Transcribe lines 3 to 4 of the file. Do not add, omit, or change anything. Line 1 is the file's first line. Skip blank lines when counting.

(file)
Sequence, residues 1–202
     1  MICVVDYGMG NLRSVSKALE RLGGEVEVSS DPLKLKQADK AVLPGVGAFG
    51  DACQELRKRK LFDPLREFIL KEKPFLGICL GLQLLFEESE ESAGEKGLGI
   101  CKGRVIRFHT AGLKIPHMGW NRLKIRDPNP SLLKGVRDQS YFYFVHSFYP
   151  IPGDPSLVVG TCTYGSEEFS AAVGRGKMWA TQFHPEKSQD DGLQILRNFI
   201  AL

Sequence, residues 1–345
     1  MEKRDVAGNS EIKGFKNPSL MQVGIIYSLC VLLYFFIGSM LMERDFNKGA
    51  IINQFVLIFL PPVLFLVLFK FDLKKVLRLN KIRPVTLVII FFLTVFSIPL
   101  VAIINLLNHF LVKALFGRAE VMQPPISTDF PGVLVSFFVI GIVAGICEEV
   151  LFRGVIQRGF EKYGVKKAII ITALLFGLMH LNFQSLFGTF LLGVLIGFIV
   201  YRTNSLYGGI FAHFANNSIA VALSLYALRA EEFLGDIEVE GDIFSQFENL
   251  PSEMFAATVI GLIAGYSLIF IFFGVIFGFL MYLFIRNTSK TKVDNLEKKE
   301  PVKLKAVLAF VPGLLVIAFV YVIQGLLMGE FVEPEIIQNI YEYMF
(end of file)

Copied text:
    51  DACQELRKRK LFDPLREFIL KEKPFLGICL GLQLLFEESE ESAGEKGLGI
   101  CKGRVIRFHT AGLKIPHMGW NRLKIRDPNP SLLKGVRDQS YFYFVHSFYP